- ?In a study population at high-risk for sexually transmitted infections, the rate of pelvic inflammatory disease following intrauterine device placement was low.
- The IUD continuation rate at one year was greater than 85 percent.
Evidence Rating Level: 3 (Average)???????
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Study Rundown: Intrauterine devices (IUDs) are some of the most effective forms of birth control, with a failure rate of less than one percent, and have been demonstrated to be safe for a wide range of women, including teenagers and young adults. Despite their high efficacy and safety record, many practitioners and patients still have misconceptions regarding the risk of pelvic inflammatory disease (PID) after IUD placement. PID is an infection of the upper genital tract (endometrium, tubes and ovaries) that commonly occurs when a sexually transmitted infection (STI), such as Chlamydia, gonorrhea, or trhichomonas ascends from the lower genital tract. Complications from PID include infertility and PID as well as an increased risk of ectopic pregnancy. If a woman has an STI at the time of IUD placement, she is at higher risk of contracting PID, but after about 20 days, the risk of PID decreases to the baseline risk among women who use a non-barrier form of contraception. Because of the concern for risk of PID with IUD insertion among women at high risk for STIs, most large studies exclude this population and limited data exists to guide their use in this population. In the present work, researchers retrospectively assessed rates of PID after IUD placement in an urban teaching hospital that did not restrict IUD eligibility based on STI risk factors.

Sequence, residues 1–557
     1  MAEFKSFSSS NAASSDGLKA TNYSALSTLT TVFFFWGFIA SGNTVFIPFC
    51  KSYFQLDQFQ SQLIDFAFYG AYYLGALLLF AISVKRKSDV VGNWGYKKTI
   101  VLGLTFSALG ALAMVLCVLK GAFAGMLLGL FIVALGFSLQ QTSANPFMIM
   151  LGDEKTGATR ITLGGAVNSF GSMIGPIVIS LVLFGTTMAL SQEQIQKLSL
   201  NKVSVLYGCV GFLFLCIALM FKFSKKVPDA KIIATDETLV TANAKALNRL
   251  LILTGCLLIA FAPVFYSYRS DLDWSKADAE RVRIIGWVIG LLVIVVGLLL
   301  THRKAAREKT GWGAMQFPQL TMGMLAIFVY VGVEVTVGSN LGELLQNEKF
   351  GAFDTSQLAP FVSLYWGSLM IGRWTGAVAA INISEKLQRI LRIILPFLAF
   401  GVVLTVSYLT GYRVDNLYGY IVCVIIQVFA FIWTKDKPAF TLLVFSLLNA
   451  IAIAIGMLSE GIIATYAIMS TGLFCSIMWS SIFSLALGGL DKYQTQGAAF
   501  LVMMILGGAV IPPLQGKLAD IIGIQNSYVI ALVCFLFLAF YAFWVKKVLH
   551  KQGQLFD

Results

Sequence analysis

Rates of PID following IUD placement were low and comparable to previous studies. The study population was at high-risk for STIs with a high incidence (nearly 50%) of personal history of STIs, 50% of participants were under the age of 26, and participants identified as being single. Lack of control group limited this study. Replication of findings using an age-matched control cohort would lend credence to the results presented herein.
In-Depth [retrospective cohort]: Researchers reviewed charts of all patients undergoing hormonal IUD placement in the resident clinic of a large, urban, academic medical center from July 2007-June 2008 (n = 283). IUD candidates were not restricted by age, parity or STI risk. The primary outcome was diagnosis of PID within twelve months of IUD placement. Secondary outcomes included continuation and adverse outcomes: expulsion, perforation, pregnancy, pain and heavy bleeding.
Prior to IUD placement, 140 patients (49.5%) reported a history of STI and eight (3.02%) tested positive for gonorrhea or chlamydia at the time of placement in this high-risk population. In the 12 months following placement, only two patients (0.7%) were diagnosed with PID, one of which had a positive gonorrheal test at the time of placement. The continuation rate at one year was 85.2%, expulsion rate was low (5.3%) and a minority of women (17.7%) reported adverse effects.
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